We all know the saying “you can’t take it with you.” As much as we believe it, it can be hard to act on it because we all (secretly) think we’ll live forever. But we won’t, and there’s joy in sharing now. So as the song says, “let it go”, or at least let some of it go. If you have surplus wealth, or surplus assets of value – such as artwork that will never fit in a newly downsized space – you can bring and experience great happiness in sharing things now, rather than after you’re gone.
Record some early memories
You’ve likely experienced this at a family gathering. You tell a simple fact about your early life and someone says: “I never knew you spent a summer in New York City.” It shouldn’t surprise any of us – our adult children can’t possibly know about the 30 or 40 years of our lives before they were born, unless we tell them.
So, record some memories – you’re bound to surprise both them and yourself with what you come up with. You can find some good tips on prompting those memories here: http://www.instructables.com/id/Record-Your-Familys-Oral-History-before-it-dies-/.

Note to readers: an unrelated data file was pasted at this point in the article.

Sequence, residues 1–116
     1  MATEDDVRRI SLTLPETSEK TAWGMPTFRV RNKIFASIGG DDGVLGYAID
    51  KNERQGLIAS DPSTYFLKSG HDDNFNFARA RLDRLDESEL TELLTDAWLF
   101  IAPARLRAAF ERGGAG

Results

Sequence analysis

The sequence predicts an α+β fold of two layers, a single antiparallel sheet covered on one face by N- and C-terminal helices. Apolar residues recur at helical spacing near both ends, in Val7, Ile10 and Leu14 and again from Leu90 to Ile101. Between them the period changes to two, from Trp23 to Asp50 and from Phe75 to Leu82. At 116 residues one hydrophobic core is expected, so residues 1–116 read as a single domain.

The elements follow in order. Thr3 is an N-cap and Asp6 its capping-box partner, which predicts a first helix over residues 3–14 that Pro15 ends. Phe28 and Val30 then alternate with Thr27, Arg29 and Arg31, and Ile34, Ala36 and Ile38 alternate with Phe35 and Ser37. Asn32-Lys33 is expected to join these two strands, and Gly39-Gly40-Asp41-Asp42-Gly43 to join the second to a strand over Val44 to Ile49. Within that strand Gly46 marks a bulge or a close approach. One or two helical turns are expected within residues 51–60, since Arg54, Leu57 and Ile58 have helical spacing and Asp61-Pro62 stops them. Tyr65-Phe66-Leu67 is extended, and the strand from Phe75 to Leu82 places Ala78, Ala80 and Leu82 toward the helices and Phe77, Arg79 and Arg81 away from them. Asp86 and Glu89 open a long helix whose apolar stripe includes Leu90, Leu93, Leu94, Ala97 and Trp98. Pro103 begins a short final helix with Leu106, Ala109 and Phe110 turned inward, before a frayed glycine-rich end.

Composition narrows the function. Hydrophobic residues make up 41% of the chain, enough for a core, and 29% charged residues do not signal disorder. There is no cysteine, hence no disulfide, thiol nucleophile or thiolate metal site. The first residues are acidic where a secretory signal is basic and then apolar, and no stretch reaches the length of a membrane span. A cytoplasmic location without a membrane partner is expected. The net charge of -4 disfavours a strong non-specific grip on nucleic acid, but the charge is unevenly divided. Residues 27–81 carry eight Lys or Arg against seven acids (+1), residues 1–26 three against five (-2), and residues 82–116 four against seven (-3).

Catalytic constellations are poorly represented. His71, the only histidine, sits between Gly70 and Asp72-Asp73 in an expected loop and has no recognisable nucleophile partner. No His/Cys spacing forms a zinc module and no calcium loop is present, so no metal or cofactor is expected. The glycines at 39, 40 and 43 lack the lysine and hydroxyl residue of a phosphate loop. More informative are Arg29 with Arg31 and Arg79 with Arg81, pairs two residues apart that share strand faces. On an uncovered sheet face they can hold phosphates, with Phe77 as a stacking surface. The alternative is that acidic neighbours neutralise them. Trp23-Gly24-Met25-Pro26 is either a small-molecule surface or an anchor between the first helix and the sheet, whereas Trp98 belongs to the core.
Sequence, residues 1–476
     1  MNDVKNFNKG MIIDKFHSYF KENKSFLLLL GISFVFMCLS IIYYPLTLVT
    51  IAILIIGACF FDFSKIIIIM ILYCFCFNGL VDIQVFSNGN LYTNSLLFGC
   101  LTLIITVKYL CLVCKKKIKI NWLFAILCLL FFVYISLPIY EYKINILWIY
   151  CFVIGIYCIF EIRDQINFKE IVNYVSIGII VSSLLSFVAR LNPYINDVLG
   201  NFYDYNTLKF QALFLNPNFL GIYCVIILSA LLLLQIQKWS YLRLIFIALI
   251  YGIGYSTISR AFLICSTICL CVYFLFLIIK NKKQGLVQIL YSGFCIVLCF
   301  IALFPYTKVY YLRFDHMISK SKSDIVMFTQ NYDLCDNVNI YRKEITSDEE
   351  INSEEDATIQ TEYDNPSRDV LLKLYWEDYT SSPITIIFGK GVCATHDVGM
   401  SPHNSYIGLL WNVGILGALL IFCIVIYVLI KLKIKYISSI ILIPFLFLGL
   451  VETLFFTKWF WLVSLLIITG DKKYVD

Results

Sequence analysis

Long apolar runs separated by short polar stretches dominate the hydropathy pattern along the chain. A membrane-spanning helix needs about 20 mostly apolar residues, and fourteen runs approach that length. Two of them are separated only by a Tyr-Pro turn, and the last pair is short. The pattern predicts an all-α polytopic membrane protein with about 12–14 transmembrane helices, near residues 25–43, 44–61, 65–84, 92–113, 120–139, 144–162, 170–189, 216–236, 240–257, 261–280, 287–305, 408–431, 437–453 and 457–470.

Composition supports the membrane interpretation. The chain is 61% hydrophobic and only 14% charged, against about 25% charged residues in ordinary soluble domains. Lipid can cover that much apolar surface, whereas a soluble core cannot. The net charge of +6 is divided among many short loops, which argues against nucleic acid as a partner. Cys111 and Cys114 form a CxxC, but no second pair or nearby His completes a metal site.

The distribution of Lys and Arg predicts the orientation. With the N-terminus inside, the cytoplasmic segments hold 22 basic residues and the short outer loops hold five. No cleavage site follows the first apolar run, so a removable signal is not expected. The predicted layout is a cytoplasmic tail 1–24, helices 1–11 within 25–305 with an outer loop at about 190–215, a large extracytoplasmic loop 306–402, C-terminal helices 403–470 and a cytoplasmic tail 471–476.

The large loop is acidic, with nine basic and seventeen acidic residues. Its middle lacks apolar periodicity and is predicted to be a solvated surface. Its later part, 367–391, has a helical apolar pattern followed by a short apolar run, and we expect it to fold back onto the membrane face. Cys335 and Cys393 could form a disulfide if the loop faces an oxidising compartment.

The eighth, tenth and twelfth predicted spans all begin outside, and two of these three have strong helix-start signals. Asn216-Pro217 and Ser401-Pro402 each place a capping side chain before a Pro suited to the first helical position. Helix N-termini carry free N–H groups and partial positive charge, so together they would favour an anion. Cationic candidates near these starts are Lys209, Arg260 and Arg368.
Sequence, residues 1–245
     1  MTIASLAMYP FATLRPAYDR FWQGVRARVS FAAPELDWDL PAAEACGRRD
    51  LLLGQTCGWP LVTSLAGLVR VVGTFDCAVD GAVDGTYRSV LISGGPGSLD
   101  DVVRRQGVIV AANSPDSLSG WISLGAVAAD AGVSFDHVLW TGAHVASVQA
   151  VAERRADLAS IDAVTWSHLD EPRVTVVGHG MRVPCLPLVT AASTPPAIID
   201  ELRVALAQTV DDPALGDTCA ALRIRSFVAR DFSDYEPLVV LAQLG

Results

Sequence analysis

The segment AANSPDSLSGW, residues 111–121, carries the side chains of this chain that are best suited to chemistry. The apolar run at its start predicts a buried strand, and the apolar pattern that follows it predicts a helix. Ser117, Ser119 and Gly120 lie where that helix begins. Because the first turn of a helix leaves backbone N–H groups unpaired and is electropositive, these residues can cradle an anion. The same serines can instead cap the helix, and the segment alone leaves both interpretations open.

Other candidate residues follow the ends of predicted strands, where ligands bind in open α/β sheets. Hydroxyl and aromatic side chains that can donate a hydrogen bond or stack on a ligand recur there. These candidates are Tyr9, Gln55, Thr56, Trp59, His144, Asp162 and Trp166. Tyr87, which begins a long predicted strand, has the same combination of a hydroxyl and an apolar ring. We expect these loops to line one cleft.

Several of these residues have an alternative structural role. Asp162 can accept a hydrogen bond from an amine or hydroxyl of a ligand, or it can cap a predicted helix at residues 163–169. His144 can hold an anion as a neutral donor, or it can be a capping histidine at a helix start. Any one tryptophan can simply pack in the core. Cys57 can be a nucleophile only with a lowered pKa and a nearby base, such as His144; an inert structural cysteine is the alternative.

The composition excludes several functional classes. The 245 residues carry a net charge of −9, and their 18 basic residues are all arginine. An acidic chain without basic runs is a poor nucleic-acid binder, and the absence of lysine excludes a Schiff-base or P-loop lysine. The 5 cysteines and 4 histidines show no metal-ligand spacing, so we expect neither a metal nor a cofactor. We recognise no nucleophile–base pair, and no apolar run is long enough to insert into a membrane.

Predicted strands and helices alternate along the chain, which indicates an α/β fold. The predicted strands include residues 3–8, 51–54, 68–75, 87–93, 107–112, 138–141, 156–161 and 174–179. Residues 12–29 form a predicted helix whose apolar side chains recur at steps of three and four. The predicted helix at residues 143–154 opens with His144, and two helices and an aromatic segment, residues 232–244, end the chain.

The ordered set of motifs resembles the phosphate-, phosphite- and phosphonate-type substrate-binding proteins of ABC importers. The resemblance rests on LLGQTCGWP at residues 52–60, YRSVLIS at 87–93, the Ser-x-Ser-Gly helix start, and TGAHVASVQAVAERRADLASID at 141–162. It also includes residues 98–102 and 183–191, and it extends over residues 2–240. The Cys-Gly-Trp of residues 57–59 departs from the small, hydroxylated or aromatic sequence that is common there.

Make your funeral intentions known
It’s a hotly debated question: is a funeral for the living or for the dead? In most cases, it’s for both, which is why it makes sense to put some thought into what you envision for your funeral and then talk to your family to work towards a plan that everyone can agree on. There are different levels of pre-planning, both formal and informal, but having the wishes of you and your family documented can go a long way toward a smooth process at a difficult time. For those in Ontario, the provincial government provides a good overview of your rights related to pre-planning with a funeral service provider: https://www.ontario.ca/page/pre-plan-and-pre-pay-final-arrangements.
Thank you for reading!